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N. S. Ekdawi, A. Sit; Computerized Measurement of Episcleral Venous Pressure. Invest. Ophthalmol. Vis. Sci. 2009;50(13):2844.
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Episcleral venous pressure (EVP) is an important determinant of intraocular pressure (IOP). Understanding how it is regulated is critical in understanding IOP regulation and the mechanisms of action of glaucoma medications. Existing methods to measure EVP compress an episcleral vein and estimate the pressure when an arbitrary amount of blanching has occurred. However, this method is unreliable due to lack of a definitive endpoint. The purpose of this project was to develop a more precise, reproducible method for EVP measurement using a modified venomanometer.
A commercially available Episcleral Venomanometer (EyeTech Ltd, Morton Grove, IL) was modified to include video capture to allow post-hoc assessment of the exact time that the vessel diameter was compressed to 10% and 50% of baseline diameter. This was referenced to a time-stamped simultaneous pressure recorded by a transducer. Healthy volunteers aged 18-90 years were recruited from employees and students at the Mayo Clinic (Rochester, MN) and the local area. Mean EVP measured in 4 quadrants (supertemporal, infratemporal, supranasal, and inferonasal) in each eye was calculated. IOP was measured using Goldmann tonometry.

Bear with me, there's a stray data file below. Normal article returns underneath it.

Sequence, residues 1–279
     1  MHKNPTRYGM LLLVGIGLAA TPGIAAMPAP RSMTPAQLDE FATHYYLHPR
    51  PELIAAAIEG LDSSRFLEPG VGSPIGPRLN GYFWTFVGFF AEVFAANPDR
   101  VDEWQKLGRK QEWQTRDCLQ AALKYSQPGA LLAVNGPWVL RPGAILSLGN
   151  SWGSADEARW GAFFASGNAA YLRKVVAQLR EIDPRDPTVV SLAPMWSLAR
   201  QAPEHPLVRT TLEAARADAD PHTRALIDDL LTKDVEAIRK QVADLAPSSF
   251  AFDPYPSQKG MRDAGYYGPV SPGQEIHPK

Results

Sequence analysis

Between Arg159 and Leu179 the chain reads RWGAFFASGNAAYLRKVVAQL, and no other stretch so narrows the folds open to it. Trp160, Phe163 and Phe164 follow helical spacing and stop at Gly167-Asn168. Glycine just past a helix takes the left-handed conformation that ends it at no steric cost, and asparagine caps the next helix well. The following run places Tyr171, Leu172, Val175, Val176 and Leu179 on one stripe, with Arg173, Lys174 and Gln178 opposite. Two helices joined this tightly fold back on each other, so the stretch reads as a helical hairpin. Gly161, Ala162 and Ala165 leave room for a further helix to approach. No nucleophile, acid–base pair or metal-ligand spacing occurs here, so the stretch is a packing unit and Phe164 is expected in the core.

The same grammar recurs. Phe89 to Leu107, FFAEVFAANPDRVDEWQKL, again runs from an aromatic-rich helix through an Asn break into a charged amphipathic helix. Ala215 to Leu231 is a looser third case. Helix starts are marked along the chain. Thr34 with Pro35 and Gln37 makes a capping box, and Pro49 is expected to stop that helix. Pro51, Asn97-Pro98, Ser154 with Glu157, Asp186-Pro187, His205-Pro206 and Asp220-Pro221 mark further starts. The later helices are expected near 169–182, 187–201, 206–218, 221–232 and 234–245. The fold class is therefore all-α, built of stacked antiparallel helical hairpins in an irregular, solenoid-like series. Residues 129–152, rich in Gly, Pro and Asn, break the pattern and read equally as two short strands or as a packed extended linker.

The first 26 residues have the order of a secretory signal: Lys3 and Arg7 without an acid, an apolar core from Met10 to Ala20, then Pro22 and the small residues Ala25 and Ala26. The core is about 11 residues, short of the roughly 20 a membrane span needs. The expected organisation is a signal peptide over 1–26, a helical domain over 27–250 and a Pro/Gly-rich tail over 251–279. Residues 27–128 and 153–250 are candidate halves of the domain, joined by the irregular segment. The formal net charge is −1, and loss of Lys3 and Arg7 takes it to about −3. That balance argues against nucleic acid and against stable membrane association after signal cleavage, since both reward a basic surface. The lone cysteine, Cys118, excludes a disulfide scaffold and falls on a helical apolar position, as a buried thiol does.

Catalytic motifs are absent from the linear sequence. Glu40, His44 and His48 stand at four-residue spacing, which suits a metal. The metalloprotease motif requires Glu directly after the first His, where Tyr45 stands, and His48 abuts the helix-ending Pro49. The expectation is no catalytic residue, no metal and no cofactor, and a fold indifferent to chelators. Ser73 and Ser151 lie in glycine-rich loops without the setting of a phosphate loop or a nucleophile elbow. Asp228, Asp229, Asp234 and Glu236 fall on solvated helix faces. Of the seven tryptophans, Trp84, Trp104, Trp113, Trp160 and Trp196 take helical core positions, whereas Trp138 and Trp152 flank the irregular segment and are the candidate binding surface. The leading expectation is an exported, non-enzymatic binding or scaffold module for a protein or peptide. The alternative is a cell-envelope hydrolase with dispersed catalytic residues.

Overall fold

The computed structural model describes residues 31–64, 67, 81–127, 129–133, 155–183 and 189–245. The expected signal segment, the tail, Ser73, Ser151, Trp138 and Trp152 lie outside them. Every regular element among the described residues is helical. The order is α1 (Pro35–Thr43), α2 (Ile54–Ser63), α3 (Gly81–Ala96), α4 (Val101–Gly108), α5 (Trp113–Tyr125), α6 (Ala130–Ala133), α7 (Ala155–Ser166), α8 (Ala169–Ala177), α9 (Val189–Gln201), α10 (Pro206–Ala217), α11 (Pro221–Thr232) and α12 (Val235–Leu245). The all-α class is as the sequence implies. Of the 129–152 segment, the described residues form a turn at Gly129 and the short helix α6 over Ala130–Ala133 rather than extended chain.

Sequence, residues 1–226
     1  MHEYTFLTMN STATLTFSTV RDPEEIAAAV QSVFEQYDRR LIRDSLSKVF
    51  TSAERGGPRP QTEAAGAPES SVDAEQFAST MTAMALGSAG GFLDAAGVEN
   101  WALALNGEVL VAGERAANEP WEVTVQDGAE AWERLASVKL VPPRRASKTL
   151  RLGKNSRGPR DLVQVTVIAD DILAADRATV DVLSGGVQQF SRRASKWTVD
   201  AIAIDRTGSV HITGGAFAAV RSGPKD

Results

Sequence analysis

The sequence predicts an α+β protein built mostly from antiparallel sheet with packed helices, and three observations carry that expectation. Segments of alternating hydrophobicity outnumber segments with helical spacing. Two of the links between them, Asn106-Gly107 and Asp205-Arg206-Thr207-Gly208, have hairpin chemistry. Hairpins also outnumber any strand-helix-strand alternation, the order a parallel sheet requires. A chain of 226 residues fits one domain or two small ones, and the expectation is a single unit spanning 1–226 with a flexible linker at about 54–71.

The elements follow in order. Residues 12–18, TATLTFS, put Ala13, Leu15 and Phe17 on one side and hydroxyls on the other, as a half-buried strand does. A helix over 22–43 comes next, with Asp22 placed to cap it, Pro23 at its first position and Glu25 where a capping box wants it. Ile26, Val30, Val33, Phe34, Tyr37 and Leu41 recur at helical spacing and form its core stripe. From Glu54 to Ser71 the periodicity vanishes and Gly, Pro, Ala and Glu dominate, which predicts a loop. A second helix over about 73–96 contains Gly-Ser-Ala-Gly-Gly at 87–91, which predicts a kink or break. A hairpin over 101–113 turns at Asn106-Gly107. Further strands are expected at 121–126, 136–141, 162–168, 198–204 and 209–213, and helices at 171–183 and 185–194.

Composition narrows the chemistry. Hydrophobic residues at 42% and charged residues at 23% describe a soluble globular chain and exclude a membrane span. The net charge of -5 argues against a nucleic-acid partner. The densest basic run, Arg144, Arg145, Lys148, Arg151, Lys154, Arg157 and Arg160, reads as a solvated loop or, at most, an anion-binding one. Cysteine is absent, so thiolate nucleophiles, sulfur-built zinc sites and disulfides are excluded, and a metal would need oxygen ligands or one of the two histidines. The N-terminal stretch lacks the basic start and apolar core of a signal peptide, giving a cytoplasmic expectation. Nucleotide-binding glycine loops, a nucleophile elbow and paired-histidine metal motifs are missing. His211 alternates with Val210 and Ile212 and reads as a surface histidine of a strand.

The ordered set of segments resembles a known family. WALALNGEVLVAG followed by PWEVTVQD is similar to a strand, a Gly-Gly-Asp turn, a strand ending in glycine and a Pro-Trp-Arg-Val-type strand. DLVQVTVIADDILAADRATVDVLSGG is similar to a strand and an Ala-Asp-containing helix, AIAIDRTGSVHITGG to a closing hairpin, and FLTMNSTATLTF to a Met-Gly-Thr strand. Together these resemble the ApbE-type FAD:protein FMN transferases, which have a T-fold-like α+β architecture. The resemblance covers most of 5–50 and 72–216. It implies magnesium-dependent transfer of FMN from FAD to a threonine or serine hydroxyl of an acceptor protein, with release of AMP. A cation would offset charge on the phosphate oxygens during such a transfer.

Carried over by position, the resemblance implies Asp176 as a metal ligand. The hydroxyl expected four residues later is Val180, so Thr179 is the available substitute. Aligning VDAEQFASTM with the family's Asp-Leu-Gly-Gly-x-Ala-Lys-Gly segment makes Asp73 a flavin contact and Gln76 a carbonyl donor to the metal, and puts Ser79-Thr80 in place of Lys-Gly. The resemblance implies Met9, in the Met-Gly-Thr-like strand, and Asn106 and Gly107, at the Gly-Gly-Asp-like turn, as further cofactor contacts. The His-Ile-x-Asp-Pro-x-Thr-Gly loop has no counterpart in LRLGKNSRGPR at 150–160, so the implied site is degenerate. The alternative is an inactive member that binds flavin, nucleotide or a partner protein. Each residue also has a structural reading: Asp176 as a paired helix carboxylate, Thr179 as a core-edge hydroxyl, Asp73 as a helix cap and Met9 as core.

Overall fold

Ten eyes from 5 subjects (2 females, 3 males) were included in the study. Average age of the subjects was 28 years (range 21 to 35 years). The mean IOP was 12 ± 2.6 mmHg (mean ± SD), and no subject had the diagnosis of glaucoma. The average EVP was found to be 5.2 ± 0.32 mmHg (mean ± SD) at 10% and 9.3 ± 1.08 mmHg (mean ± SD) at 50% compression.
Our modified EVP measurement system allowed us to precisely measure the EVP in a small sample of normal subjects, with standard deviation was less than published values for a similar age group. This system will be useful for the assessment of changes in EVP resulting from disease states and glaucoma therapies.
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